When you are at the gym, you may encounter a lot of different opinions about cardio versus interval training. Some people believe cardio is an inefficient way to train, while others believe high intensity interval training (HIIT) doesn’t provide the traditional benefits of cardio. The truth is they both work in different ways. During cardio exercise you will perform the same exercise for an extended period of time, running is a great example. HIIT exercises are performed in very short intervals at your maximum effort. You can get benefits from both cardio and HIIT; however, it is important to know the differences between the two when you are trying to get fit. Although you will get benefits from both, there are some key distinctions of cardio versus interval training that may led you to choose one over the other, depending on what you are trying to achieve.
1. Aerobic Workout
One major difference to be aware of regarding cardio versus interval training is that cardio will provide you with a much better aerobic workout. Aerobic exercise requires oxygen and is fueled by glycogen, a form of carbohydrate that is stored in the muscles, as well as some stored fat. For aerobic exercise, you need to perform at 60 to 70 percent of your maximum effort with a heart rate of about 120 to 150 beats per minute. When you do this, you will be getting a good cardiovascular workout, which, as the name suggests, is great for your heart. It also works your body’s entire aerobic system, including breathing and even digestion. As you can see, cardio exercise will provide you with a great aerobic workout; however, it will not give you an anaerobic workout.
2. Anaerobic Workout
HIIT will provide you with a great anaerobic workout, which does have some benefits. Like an aerobic workout, an anaerobic workout will burn glycogen; however, anaerobic workouts will burn much more fat. For a great anaerobic workout, you will need to perform an exercise at 90 to 100 percent of your ability for two minutes or less. You will then rest for about three minutes before you repeat the exercise. This cycle of exercising and resting is repeated a total of four times. Almost any exercise can be adapted to be an anaerobic workout. You can sprint, lift weights, or even bicycle using HIIT for an anaerobic workout.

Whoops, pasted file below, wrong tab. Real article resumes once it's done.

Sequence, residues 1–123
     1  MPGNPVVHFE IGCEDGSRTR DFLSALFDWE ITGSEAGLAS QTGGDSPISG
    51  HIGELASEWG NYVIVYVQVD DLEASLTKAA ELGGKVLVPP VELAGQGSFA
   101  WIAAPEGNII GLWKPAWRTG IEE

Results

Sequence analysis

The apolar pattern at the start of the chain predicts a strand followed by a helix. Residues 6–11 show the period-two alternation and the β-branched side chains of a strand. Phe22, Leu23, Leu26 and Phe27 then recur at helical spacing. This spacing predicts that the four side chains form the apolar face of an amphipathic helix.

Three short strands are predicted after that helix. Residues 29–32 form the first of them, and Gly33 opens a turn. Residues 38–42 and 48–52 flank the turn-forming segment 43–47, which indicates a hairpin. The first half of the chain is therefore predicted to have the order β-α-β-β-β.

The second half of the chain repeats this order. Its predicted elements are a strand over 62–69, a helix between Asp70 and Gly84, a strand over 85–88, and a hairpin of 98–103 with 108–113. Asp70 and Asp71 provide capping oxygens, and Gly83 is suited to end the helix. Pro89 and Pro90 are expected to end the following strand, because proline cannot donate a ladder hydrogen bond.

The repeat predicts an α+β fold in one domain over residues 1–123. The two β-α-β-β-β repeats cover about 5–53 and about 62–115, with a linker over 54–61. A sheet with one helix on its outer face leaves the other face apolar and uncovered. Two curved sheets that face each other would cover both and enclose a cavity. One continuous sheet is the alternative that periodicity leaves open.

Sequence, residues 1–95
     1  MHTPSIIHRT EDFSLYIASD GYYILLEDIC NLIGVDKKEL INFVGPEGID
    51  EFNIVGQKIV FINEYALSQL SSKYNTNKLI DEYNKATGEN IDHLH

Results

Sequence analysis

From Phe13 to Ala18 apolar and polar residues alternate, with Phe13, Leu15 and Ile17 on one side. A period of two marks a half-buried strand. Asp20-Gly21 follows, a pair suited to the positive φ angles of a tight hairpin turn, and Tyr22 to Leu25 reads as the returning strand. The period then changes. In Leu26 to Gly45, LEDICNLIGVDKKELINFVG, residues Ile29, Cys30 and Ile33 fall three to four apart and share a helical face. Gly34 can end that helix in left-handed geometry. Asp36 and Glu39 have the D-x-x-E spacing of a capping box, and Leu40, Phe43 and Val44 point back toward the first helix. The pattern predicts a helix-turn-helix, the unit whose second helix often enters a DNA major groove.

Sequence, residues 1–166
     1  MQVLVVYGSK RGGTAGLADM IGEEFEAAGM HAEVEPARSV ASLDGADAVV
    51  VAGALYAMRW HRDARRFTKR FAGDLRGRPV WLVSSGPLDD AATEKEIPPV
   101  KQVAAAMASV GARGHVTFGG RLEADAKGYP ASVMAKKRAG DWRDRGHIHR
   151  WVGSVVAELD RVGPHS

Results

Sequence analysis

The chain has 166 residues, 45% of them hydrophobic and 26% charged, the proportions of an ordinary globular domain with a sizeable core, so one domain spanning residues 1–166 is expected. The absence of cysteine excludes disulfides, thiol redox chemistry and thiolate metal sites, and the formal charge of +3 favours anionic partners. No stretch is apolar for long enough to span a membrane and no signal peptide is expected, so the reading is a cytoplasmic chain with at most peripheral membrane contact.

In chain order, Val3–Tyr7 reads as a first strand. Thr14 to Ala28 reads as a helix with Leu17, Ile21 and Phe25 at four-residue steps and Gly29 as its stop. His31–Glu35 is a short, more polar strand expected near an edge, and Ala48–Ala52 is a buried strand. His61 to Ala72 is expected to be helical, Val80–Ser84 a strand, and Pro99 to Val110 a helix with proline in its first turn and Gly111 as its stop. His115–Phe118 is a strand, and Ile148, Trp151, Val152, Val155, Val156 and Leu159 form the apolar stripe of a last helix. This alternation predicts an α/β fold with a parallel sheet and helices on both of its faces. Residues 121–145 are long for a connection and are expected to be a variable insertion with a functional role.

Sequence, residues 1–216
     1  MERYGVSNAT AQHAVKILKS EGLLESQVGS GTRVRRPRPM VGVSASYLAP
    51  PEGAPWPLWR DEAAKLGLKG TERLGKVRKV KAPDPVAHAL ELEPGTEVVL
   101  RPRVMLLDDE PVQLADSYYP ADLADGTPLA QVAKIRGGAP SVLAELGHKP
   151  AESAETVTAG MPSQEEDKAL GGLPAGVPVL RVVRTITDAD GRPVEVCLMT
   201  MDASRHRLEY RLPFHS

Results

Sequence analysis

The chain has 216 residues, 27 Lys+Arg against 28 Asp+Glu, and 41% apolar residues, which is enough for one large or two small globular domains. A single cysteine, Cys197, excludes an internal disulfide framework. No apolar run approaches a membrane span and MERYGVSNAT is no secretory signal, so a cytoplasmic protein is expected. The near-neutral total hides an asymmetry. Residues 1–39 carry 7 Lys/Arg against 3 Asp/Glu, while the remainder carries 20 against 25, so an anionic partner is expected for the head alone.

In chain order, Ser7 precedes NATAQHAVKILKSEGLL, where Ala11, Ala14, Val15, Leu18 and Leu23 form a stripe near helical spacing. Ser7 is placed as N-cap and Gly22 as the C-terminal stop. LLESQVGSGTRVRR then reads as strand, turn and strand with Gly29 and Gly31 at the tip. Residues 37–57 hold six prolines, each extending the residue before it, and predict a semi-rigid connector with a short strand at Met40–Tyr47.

3. Cardio Heart Benefits
I mentioned earlier that cardiovascular exercise can benefit your heart, but the benefits are so great that it is worth going into further detail. When you exercise at lower levels of intensity for longer periods of time you will actually make your heart get stronger. During a cardio workout, the left ventricle of the heart fills completely before it contracts. Over time, this causes the left ventricle to grow, meaning it can pump more blood for each contraction. The end result is a decrease in your heart rate, providing you with a greater ability to recover from exercise, relax, and even focus.
4. Shortcomings of Cardio
Although cardio exercise will strengthen your heart, it won’t help you build much strength in the rest of your muscles. Also, you won’t burn very much fat. So, if you are looking to burn fat and increase muscle, cardio is not your best choice. Another problem with cardio exercise is that there is an increased risk of injury. Cardio consists of repetitively doing the same movement pattern, which can place strain on certain body parts. Over time, that strain can lead to an injury, which no one wants. That being said, not everyone gets injured doing cardio. You do, however, need to be careful.
5. Quick Results with HIIT
When you do HIIT, you can get results very quickly. In fact, in as few as six workouts performed over two to three weeks you can see measurable improvements. Part of the reason HIIT has such fast results is because of the afterburn effect. The afterburn affect is where your metabolism stays elevated for hours, resulting in more fat burn. Also, your muscle strength will improve more quickly. One additional benefit of HIIT is that it requires less time at the gym, making it perfect for people with busy schedules.
6. Shortcomings of HIIT
As great as HIIT is, it does have some shortcomings. HIIT does not develop the aerobic system as well as cardio. Consequently, those who exercise with HIIT will have higher resting heart rates, and they will not have as much endurance. Also, HIIT stimulates the fight-or-flight response in your body. This is the same response your body has when it is stressed. Over time, this fight-or-flight response can impair your recovery and result in more aches and pains.
7. Switch between the Two
Clearly, cardio and HIIT each have great benefits, and they also have several shortcomings. To get the benefits of both, you can switch between cardio and HIIT. To get the most benefit from doing this, you want to stick with each for about 3 months before switching to the other. Doing this will decrease your chance of getting an injury from cardio and make sure your body doesn’t become too stressed from HIIT. Also, you will get the heart benefits of cardio and the muscle building benefits of HIIT. It really is possible to have the best of both worlds!
Cardio and HIIT exercises are vastly different. Yet, one isn’t better than the other. They each have their place, and you can use each to your advantage. Using the advice of switching between the two every few months will allow you to get the benefits of both. Would you consider switching between cardio and HIIT to gain the benefits of both?
Heffernan, Andrew. “Steady State Cardio vs. High Intensity Interval Training. Experience Life. Jan/Feb 2014. Print